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County Commission Communications
A Periodic Column Written by Ed Douglas, Presiding Commissioner

Jail Costs Increasing Significantly
New Revenue Needed in the Near Future

Last January was my first experience with the County Commission in developing and approving the County Budget. This 2015 budget was extremely tight, which means that the County has almost no reserves; and, therefore, very little flexibility to handle needs and changing circumstances. Additionally and unfortunately, "unforeseen circumstances" are developing for 2016 which makes a difficult budget process even more difficult. It should be noted that it is my belief that past commissions did a terrific job of managing limited resources effectively; but, unfortunately, changing circumstances will not allow that going forward.

In analyzing and comparing our budget with surrounding counties this year, we have found some startling data. Surrounding counties have a much larger sales tax rate than Livingston County. Livingston County's sales tax rate is .75%. The surrounding counties have much higher sales tax rates: Davies County 2.50%, Caldwell County 2.00%, Linn County 2.00%, Grundy County 1.50% and Carroll County 1.25%. In addition, Livingston County's real estate tax is nearly zero at .01% of assessed valuation. These same surrounding counties have a 5 to 15 times higher real estate tax rate than our county. The result is that our county is severely underfunded.

This severe underfunding means that as mentioned above, we have very little reserves. From my discussion with commissioners in Grundy County and Linn County, they have informed me that their counties each have nearly $2 million in reserves in various funds within their county.

Our position of not having reserves is not a way to run a county properly. Our current sales tax produces the vast majority of our income (other than grants and pass through funds). The .75% sales tax consists of a .50% general sales tax and a .25% law enforcement tax. Together, this amounts to approximately $1,500,000 to run all the county offices, our Road and Bridge crew, and the Sheriff's office.

In the 2015 budget, the biggest single item was our budgeted jail expense at the Davies-DeKalb jail which was budgeted at $475,000. This was based on an expected 43 prisoners per day at a cost of $30 per day, plus another dollar or two more per day for medical services. The Davies-DeKalb Regional Jail has charged us $30 per day for several years, but just a month ago, they notified us that our rate would be increased 33% to $40 per day, effectively raising our prisoner cost, based on the same number of prisoners, by $142,500 which we could not possibly afford. Our commission went to Plattsburg and met with the Davies-DeKalb Regional Jail Board and explained our situation. We explained our revenue situation and our preliminary plans to present voters with a request for an increase in our sales tax rate in the spring of 2017 to be able to handle these increasing jail costs and other county needs. Some of those additional needs are the need to build a reserve fund over time, the need to fill a growing 911-Emergency management cost deficit based on declining phone land line revenue, and the need to improve county roads in much of the county. Based on our dire financial situation and our plan to present to voters a sales tax increase in 2017, the Jail Board agreed to raise our rate next year to $34 per day instead of $40. This will still increase our costs over $60,000 even if we just maintain the number of prisoners we have now. We appreciate the Davies-DeKalb Regional Jail Board for working with us to manage our jail expenses until we have an opportunity to increase our revenue in 2017.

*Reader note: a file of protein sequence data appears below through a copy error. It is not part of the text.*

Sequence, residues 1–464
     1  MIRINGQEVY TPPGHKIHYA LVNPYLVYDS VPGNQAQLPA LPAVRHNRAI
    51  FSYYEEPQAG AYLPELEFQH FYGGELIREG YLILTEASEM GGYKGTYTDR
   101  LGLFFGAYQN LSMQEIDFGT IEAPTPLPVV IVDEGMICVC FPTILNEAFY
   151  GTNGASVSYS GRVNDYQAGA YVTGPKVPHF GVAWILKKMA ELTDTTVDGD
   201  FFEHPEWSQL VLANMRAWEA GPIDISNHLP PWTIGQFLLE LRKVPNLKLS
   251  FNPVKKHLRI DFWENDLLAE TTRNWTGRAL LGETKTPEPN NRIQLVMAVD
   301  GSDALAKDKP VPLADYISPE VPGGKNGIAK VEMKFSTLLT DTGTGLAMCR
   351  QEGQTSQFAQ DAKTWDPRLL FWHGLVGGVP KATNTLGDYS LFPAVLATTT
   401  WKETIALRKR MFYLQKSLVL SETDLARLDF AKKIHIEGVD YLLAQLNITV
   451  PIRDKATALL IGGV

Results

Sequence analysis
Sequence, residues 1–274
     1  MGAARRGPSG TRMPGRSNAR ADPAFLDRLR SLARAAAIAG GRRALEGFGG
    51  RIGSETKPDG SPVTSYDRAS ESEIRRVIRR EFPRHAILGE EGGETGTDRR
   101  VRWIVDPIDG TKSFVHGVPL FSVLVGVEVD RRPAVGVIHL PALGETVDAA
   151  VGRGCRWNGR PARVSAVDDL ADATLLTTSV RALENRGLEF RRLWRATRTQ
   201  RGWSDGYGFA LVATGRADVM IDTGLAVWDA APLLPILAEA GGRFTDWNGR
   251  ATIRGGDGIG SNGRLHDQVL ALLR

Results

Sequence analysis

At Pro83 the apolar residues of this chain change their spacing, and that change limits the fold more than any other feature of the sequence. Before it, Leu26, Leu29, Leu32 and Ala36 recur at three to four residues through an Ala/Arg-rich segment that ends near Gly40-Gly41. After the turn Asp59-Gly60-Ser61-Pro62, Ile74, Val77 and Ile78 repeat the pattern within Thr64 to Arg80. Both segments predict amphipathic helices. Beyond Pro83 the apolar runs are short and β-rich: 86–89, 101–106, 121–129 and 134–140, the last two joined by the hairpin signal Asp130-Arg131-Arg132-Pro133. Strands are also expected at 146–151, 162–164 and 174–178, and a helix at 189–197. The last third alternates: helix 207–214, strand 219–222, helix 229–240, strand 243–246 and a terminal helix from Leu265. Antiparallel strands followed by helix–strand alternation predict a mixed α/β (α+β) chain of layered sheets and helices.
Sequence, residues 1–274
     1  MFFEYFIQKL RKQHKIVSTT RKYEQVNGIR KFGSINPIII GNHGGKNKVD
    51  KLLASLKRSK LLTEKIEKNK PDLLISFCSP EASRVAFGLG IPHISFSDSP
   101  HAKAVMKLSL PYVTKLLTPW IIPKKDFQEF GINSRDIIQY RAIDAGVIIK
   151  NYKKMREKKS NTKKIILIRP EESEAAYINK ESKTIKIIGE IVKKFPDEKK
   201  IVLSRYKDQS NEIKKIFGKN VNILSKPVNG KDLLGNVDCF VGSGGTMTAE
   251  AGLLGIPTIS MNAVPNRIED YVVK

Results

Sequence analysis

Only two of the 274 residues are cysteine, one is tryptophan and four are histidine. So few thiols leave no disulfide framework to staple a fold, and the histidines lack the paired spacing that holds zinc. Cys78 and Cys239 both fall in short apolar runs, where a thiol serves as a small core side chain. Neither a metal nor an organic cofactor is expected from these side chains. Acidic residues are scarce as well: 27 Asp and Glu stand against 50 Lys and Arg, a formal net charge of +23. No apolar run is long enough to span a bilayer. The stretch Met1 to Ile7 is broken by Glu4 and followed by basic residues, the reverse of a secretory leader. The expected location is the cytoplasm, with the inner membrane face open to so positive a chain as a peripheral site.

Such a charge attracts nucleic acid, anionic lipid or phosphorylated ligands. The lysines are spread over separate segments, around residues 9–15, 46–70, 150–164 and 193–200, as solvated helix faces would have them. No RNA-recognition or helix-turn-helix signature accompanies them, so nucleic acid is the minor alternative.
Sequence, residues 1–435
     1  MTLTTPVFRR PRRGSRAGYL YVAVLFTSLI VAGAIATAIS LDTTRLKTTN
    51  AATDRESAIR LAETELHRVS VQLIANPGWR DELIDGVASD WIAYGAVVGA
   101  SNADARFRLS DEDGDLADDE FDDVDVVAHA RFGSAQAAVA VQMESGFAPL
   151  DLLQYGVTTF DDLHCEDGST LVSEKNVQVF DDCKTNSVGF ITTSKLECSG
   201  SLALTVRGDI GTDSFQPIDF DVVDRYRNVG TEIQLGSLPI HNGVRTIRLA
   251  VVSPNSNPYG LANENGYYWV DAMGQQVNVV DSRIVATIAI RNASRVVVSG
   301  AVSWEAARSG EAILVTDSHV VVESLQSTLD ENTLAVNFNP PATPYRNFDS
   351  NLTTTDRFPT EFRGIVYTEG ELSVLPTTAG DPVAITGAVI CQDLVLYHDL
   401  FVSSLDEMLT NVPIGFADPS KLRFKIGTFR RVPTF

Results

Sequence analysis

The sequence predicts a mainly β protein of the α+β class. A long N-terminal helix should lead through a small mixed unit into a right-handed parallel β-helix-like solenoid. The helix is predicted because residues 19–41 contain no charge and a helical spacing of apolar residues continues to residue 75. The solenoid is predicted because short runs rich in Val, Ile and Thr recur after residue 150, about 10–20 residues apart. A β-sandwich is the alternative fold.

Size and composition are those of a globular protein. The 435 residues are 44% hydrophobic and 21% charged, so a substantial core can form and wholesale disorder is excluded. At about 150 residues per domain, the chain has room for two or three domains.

It should be noted that our prisoner count is also going up and is estimated to be 5 to 7 prisoners higher than last year which will increase costs further. We have surveyed counties around us; and in general, their jail counts are about half of our jail count meaning they have much less cost to house prisoners. Our commission has had several discussions with our prosecutor, our sheriff, and our judges on managing this prison count. One conclusion we draw from those discussions was that our law enforcement personnel do a better job of arresting criminals than do surrounding counties. Arresting and convicting criminals is important to protect citizens of our county. Drugs are by far the major source of crimes and drug use causes additional crimes of theft and violence. Unfortunately, this problem is growing and will most likely continue to increase our jail costs. We will continue to work with our law enforcement personnel and judges to monitor and minimize costs where possible without putting dangerous felons back on the street.

Our jail was closed several years ago because of significant and extensive structural repair needs. This, along with staffing and safety issues and a growing jail population that exceeded our capacity, forced a joint decision by the commission and the sheriff to close the existing jail at that time. We considered a new jail, but it was estimated to cost upwards of $8 million dollars which was not affordable at that time nor will it be in the near future.

As mentioned, I believe our County Commissioners have done an admirable job of managing expenses in the past, but we have run out of the ability to do that going forward and will need to present to voters a plan to give us the needed resources to run the county efficiently and effectively in the future. In future columns this next year, we will present our needs in more details along with the plans proposed to meet those needs.

The County Commissioners definitely appreciate your interest and welcome your comments about this and other county issues that need to be addressed in 2016.

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